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Rift farmers call for tax reliefs in budget

Maize farmers in Rift Valley are asking the government to reduce the cost of production through policy measures and tax reliefs in the budget to be tabled in Parliament next month.

The farmers complain that maize prices have dropped to about Sh2,300 per bag from Sh2,900 after the government allowed imports from Tanzania.

Kenya Farmers Association director Kipkorir Menjo said they can not compete with farmers in neighbouring countries because of the high cost of local production.

“We are asking MPs through Parliament to put in place tax reliefs and policies that will aide the agriculture sector to flourish,” Menjo said.

The farmers argue that the government should adhere to the Maputo protocol which it signed committing to have more than 10 per cent of the national budget allocated to the agriculture sector.

Other farmers Barnabas Kibos and Christopher Kolum said opening borders for trade with neighbouring countries was welcome but the government should ensure it doesn’t disadvantage local farmers through policies and taxes that increase cost of production.

“The costs of fuel and fertiliser is high and that is why we can not produce at costs that will enable us compete in the open markets when selling our produce,” Kolum said.

He said the prices of seeds and other farm inputs were also higher compared to neighbouring countries.

The maize prices have dropped by more than 35 per cent in most parts of North Rift and Western Kenya after the government allowed imports from mostly Tanzania following the recent visit by President Hassan Suluhu.

Before the order by President Uhuru Kenyatta to release maize that was being held at the Tanzanian border, the prices in the region were averaging Sh2,800 per 90kg bag but have since dropped to as low as Sh2,300 per bag.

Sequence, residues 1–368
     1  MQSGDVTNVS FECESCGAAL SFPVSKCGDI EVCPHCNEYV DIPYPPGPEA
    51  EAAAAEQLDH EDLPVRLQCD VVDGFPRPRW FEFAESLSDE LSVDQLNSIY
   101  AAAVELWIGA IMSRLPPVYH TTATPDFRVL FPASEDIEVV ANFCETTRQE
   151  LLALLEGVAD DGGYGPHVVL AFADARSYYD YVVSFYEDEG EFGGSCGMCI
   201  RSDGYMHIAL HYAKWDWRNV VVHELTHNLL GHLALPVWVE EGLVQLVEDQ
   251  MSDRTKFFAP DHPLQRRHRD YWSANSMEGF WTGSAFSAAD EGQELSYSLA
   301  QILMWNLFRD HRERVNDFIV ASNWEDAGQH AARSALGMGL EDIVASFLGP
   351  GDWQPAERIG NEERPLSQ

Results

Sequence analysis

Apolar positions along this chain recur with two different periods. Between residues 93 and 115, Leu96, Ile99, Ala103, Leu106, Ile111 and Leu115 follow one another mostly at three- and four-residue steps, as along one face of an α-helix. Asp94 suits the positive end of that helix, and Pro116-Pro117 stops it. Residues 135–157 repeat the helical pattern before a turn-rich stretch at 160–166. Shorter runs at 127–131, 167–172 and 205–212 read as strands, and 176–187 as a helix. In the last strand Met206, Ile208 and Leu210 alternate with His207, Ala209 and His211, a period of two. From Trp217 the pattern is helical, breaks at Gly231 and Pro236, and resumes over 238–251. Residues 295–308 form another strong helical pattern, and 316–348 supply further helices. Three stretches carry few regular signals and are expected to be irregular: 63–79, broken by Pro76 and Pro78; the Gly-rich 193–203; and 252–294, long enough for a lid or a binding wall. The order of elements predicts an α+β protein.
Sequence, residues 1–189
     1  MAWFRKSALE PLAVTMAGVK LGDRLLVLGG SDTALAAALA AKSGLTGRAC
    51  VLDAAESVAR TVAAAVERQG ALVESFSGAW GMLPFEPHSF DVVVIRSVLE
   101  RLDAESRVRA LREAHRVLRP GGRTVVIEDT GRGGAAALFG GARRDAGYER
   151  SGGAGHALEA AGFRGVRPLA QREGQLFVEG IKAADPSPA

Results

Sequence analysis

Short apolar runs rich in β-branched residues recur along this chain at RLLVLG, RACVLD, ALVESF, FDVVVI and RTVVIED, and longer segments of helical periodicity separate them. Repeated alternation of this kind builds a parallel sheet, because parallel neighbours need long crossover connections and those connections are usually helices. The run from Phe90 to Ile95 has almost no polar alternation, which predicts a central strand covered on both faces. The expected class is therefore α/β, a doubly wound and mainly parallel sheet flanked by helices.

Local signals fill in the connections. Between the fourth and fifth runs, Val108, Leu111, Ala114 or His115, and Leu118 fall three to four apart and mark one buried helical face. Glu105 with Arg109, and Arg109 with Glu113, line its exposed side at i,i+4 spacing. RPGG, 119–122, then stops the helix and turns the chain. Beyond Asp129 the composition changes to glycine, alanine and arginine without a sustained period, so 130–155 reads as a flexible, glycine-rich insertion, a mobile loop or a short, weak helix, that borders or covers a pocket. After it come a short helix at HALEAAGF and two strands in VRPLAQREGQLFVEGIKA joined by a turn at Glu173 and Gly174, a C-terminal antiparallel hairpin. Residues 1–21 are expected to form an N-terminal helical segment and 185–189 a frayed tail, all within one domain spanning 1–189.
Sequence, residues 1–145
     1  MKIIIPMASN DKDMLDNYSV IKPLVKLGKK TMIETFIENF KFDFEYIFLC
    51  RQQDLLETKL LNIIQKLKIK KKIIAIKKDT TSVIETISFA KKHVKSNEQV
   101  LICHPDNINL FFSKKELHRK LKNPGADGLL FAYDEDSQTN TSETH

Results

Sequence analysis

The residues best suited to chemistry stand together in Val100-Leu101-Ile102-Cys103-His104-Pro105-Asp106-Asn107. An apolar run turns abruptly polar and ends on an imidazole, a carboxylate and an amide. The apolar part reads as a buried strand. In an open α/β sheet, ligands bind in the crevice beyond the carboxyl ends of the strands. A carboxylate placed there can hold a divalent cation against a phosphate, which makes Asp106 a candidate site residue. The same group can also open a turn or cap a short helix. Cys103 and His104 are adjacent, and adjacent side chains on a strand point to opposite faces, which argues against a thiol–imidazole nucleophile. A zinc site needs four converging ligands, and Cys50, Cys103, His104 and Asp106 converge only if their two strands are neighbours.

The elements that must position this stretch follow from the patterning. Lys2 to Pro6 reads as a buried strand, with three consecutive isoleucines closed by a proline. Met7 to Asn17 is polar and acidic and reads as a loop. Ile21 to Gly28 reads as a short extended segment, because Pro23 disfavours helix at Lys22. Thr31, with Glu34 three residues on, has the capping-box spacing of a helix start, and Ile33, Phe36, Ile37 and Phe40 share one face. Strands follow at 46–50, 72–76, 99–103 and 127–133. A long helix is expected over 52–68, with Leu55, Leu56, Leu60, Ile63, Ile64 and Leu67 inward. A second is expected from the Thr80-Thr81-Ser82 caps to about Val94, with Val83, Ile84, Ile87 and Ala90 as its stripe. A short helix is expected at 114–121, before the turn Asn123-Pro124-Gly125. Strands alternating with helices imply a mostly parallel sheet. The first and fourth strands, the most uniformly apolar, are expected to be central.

Farmers say the imports will affect the local markets but they anticipate that the imports will reduce in less than two months leading to a rise in price.

Large scale farmers are still holding more than 12 million bags of maize in their stores which may not be sold until imports from the neighbouring countries are depleted.

“The government should fully implement the Warehouse Receipting System so that farmers can store their commodity until the prices are good,” Menjo said.

Maize production has increased in the last two years, with farmers harvesting more than 40 million bags annually.

Agriculture officials estimate a similar quantity this year. However, marketing problems with low prices remain the greatest challenge for the farmers.

Uasin Gishu Governor Jackson Mandago has also intensified his campaign in the  region to have more farmers diversify and grow high value crops rather than relying on maize.

The county has been giving out seedlings for the alternative crops to farmers.

The governor has given strict conditions to beneficiaries of the free distribution of promotional crops, among them coffee and macadamia.

Mandago says those who will receive the free seedlings should ensure the seedlings survive because of funds spent in the programme.

Already, farmers who embraced diversification are reaping from the venture.

 

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